HARE v. STATE, 377 So.2d 1143 (Ala.Crim.App. 1979)

HARE v. STATE, 377 So.2d 1143 (Ala.Crim.App. 1979)
377 So.2d 1143

Tommy Frank HARE v. STATE.

8 Div. 200.Court of Criminal Appeals of Alabama.
October 30, 1979.Rehearing Denied November 20, 1979.

Appeal from the Circuit Court, Colbert County, Clifford K. Delony, J.

J. Louis Wilkinson and Charles M. Purvis, Birmingham, for appellant.

Charles A. Graddick, Atty. Gen., and Willis E. Isaac, Asst. Atty. Gen., for the State, appellee.

TYSON, Judge.

Tommy Frank Hare was indicted for the second degree burglary of Medical Plaza Pharmacy, Inc., wherein certain drugs and lawful currency were taken. The jury found the appellant guilty of burglary in the second degree, as charged, and the trial court set sentence at ten years imprisonment in the penitentiary.

Cameron Guy, Detective Sergeant with the Narcotics Division of the Birmingham Police Department, testified that he was on a special assignment, working with the police in the Muscle Shoals area, on June 2-3, 1978. He stated that he was accompanied by his Birmingham partner, Charlie Trucks; Pat Curry, a female police officer; J.K. Eaton, of the Birmingham Police Department; Jim Reed and Jim Williams of the United States Drug Enforcement Administration.

Guy indicated that the officers went to the office of the Muscle Shoals, Alabama, Police Department and there talked with the Chief and other officers about 2:30 on the afternoon of June 2, 1978. As a result of this conversation, the Muscle Shoals officers, working under the supervision of Lieutenant Robert Hall and Birmingham policePage 1144
officers, staked out the Avalon Plaza Drugstore, located on Avalon Road in Muscle Shoals, Alabama.

Officer Guy stated that the drugstore in question was placed under surveillance about 3:00 in the afternoon, and shortly thereafter the appellant Tommy Frank Hare and two companions, Barry Wade Alford and Robert Daubach, were observed driving in an automobile near the Avalon Plaza Drugstore. Guy observed the appellant and his two companions turn into the parking lot and drive through it. The appellant and his two companions then drove away, headed toward the Wilson Dam Road. Between 4:30 and 4:45 in the afternoon, Guy observed the three men at the scene of the Avalon Plaza Drugstore, driving a two-tone green 1972 Ford with a vinyl top. Officer Guy and his companion then followed the appellant as he drove over to a K-Mart store, located on Highway 43. Hare and Alford were observed going inside the K-Mart store and then returning with a CB radio, which they installed in the 1972 Ford. This occurred at approximately 5:30 in the afternoon. A few minutes later, the officers were able to pick up the conversation as the appellant and his companions tested the CB. Appellant Hare was observed walking with a “walkie-talkie” in hand and speaking into it. This conversation was picked up on the police radio frequency. The officers stated they remained out of the sight of the appellant and his companions, using binoculars, and heard a voice that was recognized as the appellant’s, using the words, “test, test, test, can you hear me ? we’ll use Channel 15.”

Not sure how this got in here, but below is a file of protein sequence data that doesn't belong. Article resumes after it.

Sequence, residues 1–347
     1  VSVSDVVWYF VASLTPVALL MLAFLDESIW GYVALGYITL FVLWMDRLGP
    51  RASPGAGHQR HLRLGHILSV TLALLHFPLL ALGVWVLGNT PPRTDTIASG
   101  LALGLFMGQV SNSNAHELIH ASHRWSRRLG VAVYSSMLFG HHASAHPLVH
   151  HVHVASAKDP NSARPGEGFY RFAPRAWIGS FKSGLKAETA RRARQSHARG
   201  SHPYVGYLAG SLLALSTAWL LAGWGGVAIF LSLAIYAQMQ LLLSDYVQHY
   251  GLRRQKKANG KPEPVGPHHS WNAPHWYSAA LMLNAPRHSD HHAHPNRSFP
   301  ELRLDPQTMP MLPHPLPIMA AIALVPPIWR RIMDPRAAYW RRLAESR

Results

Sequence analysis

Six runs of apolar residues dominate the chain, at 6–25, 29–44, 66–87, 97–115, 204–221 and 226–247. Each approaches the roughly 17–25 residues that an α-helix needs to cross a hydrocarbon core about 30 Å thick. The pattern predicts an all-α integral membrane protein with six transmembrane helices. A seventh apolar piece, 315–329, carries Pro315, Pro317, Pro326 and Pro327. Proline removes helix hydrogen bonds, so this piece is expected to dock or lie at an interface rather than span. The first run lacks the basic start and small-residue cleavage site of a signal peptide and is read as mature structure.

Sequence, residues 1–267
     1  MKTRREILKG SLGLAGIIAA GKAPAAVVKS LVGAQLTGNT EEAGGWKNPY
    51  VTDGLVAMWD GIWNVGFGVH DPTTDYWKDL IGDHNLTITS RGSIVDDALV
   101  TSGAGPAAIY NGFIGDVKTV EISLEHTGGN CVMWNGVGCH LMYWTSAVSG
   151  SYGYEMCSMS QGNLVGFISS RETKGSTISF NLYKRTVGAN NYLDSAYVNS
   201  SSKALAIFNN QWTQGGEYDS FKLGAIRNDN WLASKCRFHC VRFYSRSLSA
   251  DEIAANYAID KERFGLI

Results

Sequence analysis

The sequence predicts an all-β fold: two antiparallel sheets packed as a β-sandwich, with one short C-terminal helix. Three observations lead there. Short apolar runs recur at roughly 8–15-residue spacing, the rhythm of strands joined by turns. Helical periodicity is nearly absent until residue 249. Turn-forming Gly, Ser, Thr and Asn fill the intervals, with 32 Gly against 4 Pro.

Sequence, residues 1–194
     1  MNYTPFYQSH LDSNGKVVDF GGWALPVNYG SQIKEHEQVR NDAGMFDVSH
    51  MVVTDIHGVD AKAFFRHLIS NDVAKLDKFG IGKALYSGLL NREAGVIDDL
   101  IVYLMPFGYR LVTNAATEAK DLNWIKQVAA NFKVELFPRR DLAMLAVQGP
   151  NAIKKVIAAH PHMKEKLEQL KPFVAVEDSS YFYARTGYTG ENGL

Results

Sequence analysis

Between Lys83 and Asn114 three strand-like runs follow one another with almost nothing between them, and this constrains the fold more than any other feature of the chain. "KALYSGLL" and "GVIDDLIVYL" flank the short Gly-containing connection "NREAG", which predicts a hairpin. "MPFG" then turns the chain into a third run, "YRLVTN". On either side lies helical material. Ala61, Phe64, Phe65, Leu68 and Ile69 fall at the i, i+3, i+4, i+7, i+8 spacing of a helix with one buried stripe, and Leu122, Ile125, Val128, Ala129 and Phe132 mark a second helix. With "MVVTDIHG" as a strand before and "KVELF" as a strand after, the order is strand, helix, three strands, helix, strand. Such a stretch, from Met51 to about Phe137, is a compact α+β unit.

The officers then followed the appellant and his two companions as they circled near some apartments parallel to the Avalon Plaza Drugstore and then parked. The officers noticed a Dodge automobile parked next to the Ford in which Hare, Daubach and Alford were riding. Hare and his two companions then drove away in the Ford and did not return again until about 7:45 that evening. At this time Hare was observed driving the Ford into the drugstore parking lot, then driving away a third time.

Hare, Daubach and Alford then returned to the drugstore about 8:35. The officers noted that the drugstore had just been closed for a short time. Daubach was described as wearing a football jersey with No. 32 on the back. Alford was wearing a green pullover sweater, and Hare was wearing a circular striped pullover shirt with jeans.

Alford was observed going inside a convenience store and purchasing some cigarettes and soft drinks. One carload of the officers were no more than fifteen feet from the appellant and his two companions at this time. The three men remained in the parking lot about ten minutes. Alford and Daubach then started a blue Dodge automobile, and Hare followed in the 1972 Ford. The two automobiles were kept in vision by the officers as they drove back onto Wilson Dam Road where Alford let Daubach get out of the Dodge in a parking lot near some apartments down the street from the drugstore. Officer Guy then proceeded to follow the Ford car with Hare driving, and saw him pull into a lot near some apartments. He heard the appellant’s voice speaking on the CB radio, stating, “That’s real good brother two, go on about your business, everything is real cool.” During this time the drugstore was under the surveillance of the officers, and it was closed for the evening.

Defendant Hare was observed by Guy riding up and down Avalon Road in front of the drugstore for fifteen to twenty minutes.

Shortly after 9:00 o’clock p.m., defendant Hare picked up his companion, Alford, and pulled into the parking lot of the Seven-Seas fish place. A few minutes thereafter Daubach pulled into the lot, driving the blue Dodge. Officer Guy again recognized the appellant’s, Hare’s, voice as he spoke over the CB radio and said, “Let’s make some calls.” Then the appellant’s voice was heard to say, “Brother one and brother two, in and out, let’s go.” The appellant wasPage 1145